Progressive zoos like Thrigby Hall Wildlife Gardens are fast becoming a last refuge for many species as their natural homes are destroyed by the greed of man. The wild tigers of Sumatra are now down to a few hundred which is a fraction of their former numbers. Their forest habitat is being destroyed so fast that the remaining tigers are lucky to be alive and have little chance of meeting to produce another generation.
All Sumatran Tigers in the care of zoos are being managed to ensure that one day, if and when really safe areas in their homeland can be established, there will be animals to aid restocking.
Even when they were numerous and their home untouched by humans, the tigers were rarely seen. It is only in the safety of zoos that we can enjoy the certain privilege of viewing and appreciating this and other species. Their appreciation is a good step to accepting that we have a duty to ensure their perpetuation.
Thrigby Hall Wildlife Gardens is a strong supporter of The World Zoo Conservation Strategy of the International Union for the Conservation of Nature.
The collection of animals at Thrigby was the first to be signed over in entirety to the Joint Management of Species Programme. Amur Leopard
A common belief is that all leopards live in the tropics of Africa and Asia, but this is not so.The Amur Leopard is at home in the harsh regions of Korea and Russia. The Leopard could survive in all parts of its natural range if it were tolerated and not persecuted by man.
Willow Pattern Garden
This garden is full of birdlife. The legend of the Willow Pattern Garden shown on Blue Pattern plates can be summarized as follows. The Chinese scenes depict a widely held belief of the story about the Mandarin's daughter who fell in love with her father's poor secretary, their elopement, pursual and transformation into a pair of doves.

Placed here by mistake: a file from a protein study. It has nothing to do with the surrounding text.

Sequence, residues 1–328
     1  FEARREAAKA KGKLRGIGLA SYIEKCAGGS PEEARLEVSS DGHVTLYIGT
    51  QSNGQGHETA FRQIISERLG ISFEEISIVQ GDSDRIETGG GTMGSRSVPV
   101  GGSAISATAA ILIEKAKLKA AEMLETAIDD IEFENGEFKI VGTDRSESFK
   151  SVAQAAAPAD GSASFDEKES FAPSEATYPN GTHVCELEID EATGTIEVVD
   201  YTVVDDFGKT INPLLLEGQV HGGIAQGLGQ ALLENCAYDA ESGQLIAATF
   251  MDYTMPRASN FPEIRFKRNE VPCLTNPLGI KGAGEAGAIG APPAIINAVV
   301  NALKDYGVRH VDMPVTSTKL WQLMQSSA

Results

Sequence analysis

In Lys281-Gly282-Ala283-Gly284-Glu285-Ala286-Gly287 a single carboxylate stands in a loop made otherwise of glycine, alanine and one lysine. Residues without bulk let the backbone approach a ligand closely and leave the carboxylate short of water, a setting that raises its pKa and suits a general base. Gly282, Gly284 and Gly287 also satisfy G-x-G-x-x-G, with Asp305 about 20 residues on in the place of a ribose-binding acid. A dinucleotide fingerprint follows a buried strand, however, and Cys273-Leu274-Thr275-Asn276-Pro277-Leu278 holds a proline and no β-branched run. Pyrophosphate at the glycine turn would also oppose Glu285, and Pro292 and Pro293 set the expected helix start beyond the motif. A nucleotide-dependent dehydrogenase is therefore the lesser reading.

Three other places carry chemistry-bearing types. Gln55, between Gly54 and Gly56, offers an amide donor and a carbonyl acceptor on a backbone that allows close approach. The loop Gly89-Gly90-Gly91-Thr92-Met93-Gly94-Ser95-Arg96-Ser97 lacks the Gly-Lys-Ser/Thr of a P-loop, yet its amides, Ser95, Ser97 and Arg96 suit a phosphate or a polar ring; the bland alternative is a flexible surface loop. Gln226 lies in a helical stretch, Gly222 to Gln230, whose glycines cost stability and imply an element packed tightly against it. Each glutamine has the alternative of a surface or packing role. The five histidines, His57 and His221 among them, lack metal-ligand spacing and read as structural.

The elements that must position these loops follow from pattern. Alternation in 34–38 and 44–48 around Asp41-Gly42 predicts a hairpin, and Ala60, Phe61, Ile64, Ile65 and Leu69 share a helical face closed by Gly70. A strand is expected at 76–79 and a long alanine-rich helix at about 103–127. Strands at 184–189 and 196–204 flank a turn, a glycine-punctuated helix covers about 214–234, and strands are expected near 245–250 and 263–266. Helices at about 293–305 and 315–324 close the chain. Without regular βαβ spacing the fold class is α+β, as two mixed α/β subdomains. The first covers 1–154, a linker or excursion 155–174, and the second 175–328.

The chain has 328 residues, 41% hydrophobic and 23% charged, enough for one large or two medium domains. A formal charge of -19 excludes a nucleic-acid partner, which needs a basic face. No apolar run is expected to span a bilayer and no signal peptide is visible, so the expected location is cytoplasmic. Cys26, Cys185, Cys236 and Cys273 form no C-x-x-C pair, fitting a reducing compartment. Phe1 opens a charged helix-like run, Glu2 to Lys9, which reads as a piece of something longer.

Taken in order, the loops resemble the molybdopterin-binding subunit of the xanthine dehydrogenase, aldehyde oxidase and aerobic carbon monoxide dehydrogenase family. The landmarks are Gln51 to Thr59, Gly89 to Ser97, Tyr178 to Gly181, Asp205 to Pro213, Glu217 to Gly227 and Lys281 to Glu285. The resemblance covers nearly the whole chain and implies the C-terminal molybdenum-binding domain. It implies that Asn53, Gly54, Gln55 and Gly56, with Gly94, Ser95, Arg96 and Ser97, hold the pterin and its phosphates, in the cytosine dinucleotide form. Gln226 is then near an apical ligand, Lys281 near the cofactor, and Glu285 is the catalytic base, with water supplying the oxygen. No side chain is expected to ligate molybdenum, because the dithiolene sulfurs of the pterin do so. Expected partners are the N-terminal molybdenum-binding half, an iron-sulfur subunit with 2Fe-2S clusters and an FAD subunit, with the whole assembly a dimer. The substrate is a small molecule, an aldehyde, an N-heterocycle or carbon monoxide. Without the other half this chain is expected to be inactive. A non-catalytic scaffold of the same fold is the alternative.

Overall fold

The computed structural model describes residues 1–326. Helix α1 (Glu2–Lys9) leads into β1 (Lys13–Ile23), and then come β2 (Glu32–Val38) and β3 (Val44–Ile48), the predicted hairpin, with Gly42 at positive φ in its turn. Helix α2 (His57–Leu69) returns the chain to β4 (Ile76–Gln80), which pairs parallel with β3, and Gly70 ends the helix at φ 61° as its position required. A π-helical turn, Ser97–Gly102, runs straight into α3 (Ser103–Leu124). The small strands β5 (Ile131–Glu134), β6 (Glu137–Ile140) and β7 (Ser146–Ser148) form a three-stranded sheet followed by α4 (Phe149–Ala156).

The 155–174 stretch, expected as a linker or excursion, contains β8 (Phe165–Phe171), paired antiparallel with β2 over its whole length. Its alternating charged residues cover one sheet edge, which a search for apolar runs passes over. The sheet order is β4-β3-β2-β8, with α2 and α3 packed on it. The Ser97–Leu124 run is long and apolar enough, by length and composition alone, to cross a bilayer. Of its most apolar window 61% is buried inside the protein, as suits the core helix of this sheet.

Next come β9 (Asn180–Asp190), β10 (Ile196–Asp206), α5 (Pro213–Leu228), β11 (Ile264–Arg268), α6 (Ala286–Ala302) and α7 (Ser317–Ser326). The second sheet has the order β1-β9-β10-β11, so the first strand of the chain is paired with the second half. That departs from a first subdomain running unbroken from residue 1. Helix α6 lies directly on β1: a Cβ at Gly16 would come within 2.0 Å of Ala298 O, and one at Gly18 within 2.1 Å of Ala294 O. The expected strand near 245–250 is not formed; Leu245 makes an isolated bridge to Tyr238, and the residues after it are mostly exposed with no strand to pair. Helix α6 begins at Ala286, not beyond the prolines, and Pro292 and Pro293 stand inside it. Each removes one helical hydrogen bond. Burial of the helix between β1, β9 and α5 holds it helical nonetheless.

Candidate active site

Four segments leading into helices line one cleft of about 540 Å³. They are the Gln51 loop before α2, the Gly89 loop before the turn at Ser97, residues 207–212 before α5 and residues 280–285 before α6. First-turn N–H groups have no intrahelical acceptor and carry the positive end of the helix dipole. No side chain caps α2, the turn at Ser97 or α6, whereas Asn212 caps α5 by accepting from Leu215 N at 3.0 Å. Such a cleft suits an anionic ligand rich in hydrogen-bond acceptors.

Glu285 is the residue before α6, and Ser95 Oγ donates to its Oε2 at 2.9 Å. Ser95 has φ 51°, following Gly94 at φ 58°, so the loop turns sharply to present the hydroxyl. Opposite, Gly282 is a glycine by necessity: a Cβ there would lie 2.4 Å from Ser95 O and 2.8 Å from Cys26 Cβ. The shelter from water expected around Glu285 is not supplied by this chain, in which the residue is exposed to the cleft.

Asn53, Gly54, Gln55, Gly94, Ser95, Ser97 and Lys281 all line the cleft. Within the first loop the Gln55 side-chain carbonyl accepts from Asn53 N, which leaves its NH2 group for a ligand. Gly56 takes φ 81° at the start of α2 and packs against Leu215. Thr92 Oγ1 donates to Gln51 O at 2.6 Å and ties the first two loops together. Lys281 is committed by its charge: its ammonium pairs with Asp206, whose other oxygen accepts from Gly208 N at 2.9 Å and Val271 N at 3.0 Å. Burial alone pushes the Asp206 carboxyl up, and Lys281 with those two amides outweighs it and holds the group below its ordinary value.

Lime Tree Lookout
The lime tree lookout provides an excellent vantage point from which to study the various wildfowl in the willow pattern lake.
Tiger Tree Walk
The tiger tree walk high in the trees is not for the faint hearted. It is a special walk constructed in the trees which surround the tigers' enclosure to provide the opportunity for an excellent birds' eye view.
Explore the Swamp House and Forest House to discover our collection of reptiles. You will find Reticulated Pythons, Burmese Pythons, Green Tree Pythons, Short Tailed Pythons, Gecko, Asian Water Dragons and Mangrove Snakes.
To visit the Thrigby Hall website make and enquiry or to find out more information on our services, please click on the buttons below
For expert help and a friendly welcome, visit one of the Norfolk Broads Information Centres, knowledgeable staff will help ensure that your visit to this unique and beautiful part of Norfolk is a grea...